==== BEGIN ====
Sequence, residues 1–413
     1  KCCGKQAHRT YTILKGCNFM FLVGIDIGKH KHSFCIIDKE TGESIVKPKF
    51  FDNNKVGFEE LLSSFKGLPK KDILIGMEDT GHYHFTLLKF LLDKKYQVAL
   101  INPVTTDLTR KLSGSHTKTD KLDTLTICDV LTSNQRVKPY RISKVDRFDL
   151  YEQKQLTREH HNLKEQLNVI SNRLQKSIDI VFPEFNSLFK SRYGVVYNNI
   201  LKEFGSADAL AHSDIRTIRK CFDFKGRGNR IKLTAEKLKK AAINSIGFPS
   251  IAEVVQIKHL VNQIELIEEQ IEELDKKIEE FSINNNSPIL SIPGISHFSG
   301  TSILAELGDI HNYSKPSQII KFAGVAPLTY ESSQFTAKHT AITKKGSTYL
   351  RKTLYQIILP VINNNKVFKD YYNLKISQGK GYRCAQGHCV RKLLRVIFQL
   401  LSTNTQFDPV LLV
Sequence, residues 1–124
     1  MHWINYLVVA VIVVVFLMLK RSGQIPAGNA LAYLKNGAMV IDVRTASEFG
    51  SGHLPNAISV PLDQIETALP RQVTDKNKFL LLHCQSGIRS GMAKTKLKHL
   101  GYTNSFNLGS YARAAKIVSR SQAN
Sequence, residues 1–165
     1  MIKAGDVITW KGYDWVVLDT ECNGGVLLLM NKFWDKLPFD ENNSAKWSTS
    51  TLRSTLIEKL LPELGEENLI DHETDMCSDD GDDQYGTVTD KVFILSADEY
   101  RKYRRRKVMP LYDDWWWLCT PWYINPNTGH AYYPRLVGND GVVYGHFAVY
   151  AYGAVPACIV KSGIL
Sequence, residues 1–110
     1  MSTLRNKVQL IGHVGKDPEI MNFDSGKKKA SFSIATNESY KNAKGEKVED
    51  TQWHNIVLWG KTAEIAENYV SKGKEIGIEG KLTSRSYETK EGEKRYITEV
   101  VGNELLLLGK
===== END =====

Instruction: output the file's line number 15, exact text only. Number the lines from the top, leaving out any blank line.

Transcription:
Sequence, residues 1–165